When Zero Meets Zero / / by Ciarán Beggan

Dr Ciarán Beggan is a geomagnetic specialist working at the British Geological Survey. Here, he explains how the UK's compasses will point 'true north' for the first time in around 360 years at some point over the next two weeks... 

The angle a compass needle makes between True North and Magnetic North is called declination. As the magnetic field changes all the time, so does declination at any given location.

Greenwich zero declination map
For the past few hundred years in the UK, declination has been negative – meaning that all compass needles have pointed west of True North. The line of zero declination, called the agonic, is moving westward, presently at a rate of around 20 km per year. In 2017, it passed the easternmost side of the Britain when declination became positive (pointing east of True North). By September 2019, for the first time in about 360 years, the compass needle will point directly to True North at Greenwich, London before slowly turning eastwards (Figure 1). The last time this happened was during the reign of Charles II, around 1660.

By coincidence, it was Charles who established the Royal Observatory at Greenwich in 1675. Occasional measurements of the declination angle were made from 1680 onwards (Figure 2). In 1836, continuous measurements of the declination and inclination angles of the compass needle were started under the Astronomer Royal, George Airy. This continued until1926 when the electrification of the railways finally made the site too magnetically noisy to be scientifically useful and the observatory moved to Abinger.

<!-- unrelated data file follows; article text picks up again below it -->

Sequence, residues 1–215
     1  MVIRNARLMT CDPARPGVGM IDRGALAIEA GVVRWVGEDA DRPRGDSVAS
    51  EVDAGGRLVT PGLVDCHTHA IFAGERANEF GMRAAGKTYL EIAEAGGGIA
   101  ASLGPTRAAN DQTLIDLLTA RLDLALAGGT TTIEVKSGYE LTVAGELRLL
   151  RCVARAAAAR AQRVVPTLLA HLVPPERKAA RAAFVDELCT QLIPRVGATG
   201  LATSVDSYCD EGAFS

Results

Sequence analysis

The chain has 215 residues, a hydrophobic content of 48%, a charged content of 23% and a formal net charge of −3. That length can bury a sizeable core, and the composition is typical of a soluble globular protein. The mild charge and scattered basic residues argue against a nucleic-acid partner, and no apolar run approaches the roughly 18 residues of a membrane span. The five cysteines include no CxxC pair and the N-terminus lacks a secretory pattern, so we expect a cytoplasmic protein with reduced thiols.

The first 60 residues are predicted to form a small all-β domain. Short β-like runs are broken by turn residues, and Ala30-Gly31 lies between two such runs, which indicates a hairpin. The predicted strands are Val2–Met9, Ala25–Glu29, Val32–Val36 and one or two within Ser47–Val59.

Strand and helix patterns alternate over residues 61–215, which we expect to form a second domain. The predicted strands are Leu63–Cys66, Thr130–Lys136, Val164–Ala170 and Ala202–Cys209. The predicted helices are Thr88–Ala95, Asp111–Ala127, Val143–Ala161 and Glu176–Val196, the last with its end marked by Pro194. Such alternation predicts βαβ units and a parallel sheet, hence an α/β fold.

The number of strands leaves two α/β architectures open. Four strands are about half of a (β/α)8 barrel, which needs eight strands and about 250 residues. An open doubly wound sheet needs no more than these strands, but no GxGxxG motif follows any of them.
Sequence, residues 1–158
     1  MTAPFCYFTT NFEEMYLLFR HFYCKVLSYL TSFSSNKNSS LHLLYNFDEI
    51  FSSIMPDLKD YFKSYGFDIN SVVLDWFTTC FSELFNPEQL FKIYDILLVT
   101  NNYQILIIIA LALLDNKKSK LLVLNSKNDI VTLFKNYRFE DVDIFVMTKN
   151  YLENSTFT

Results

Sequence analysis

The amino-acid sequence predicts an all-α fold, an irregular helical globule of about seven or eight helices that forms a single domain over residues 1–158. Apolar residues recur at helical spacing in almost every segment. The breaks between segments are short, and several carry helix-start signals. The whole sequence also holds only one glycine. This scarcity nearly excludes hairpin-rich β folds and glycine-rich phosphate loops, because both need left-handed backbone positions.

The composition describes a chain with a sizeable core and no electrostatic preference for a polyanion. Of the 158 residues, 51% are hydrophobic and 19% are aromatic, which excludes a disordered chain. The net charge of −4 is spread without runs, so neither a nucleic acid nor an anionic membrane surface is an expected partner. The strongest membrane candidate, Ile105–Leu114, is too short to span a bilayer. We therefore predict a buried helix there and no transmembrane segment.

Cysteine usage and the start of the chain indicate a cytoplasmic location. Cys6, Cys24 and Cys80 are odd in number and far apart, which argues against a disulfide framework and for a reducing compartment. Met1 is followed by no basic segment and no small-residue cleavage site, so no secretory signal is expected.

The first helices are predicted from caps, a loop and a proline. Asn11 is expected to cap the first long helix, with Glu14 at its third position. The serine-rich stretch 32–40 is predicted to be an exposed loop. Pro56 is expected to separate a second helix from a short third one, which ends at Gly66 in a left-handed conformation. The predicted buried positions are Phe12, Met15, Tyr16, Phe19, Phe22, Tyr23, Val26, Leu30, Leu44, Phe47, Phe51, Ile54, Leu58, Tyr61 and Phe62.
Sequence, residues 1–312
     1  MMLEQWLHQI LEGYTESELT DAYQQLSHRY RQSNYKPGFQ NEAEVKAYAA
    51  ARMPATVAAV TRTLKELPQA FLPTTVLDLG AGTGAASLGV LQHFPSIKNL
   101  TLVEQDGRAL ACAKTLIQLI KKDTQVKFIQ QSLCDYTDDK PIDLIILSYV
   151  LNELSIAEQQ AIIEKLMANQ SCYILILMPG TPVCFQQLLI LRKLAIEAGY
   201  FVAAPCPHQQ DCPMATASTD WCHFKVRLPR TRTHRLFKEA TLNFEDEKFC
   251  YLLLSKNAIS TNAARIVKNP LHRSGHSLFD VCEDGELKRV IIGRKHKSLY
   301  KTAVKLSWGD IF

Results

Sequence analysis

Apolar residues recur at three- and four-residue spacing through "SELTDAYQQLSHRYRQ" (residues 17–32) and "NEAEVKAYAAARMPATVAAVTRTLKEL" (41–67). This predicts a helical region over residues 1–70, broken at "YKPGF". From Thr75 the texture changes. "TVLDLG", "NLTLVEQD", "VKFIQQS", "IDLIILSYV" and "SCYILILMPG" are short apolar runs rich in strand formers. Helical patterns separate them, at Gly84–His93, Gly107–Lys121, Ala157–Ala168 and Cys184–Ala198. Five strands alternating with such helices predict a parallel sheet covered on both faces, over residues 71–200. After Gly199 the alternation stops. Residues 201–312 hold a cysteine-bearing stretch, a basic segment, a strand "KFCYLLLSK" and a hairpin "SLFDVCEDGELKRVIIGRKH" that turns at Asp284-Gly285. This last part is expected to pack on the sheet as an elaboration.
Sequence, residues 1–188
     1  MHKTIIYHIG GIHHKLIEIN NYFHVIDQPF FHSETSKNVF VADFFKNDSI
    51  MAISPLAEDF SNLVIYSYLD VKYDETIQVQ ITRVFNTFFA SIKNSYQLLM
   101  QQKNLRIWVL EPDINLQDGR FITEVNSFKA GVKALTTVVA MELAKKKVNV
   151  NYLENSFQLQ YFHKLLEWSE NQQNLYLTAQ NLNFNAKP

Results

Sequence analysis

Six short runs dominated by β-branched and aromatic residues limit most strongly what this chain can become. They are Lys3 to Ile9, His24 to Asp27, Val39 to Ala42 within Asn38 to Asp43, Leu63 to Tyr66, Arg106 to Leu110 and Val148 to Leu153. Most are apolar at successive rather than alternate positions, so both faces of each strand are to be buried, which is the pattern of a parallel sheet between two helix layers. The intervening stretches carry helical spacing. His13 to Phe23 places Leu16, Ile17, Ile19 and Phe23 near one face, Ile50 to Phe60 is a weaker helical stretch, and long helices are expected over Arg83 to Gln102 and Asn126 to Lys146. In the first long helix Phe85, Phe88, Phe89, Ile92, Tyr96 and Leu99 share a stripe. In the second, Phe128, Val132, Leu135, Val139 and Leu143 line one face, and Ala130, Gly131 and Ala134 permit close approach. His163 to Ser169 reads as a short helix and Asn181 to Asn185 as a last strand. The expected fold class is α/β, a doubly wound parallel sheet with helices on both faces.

In 1884, the great circle line between the North Pole and the Airy Transit Circle at the Observatory became the definition of ‘zero’ longitude by international agreement. This paved the way for a standard global reference system for maps and navigation to be established, creating the Greenwich Meridian and with it Greenwich Mean Time.

Greenwich Declination
At some point in September, the agonic will meet zero longitude at Greenwich, thus marking the first time in since its creation that the geographic and geomagnetic coordinate systems have coincided at this location.

The agonic will continue to pass across the UK over the next 15 to 20 years - by 2040 all compasses will probably point eastwards of True North. It is, at present, impossible to predict how the magnetic field will change over decades to centuries, so the compass may well point east of True North for another 370 years in the UK.


Macmillan, S. and Taylor, T., A magnetic prediction comes true, Astronomy & Geophysics, 60, 2019, 1.16, doi:10.1093/astrogeo/atz041

Malin, S. C. R., & Bullard, E. (1981). The direction of the Earth's magnetic field at London, 1570-1975. Philosophical Transactions of the Royal Society of London. Series A, Mathematical and Physical Sciences, 299(1450), 357-423. doi: 10.1098/rsta.1981.0026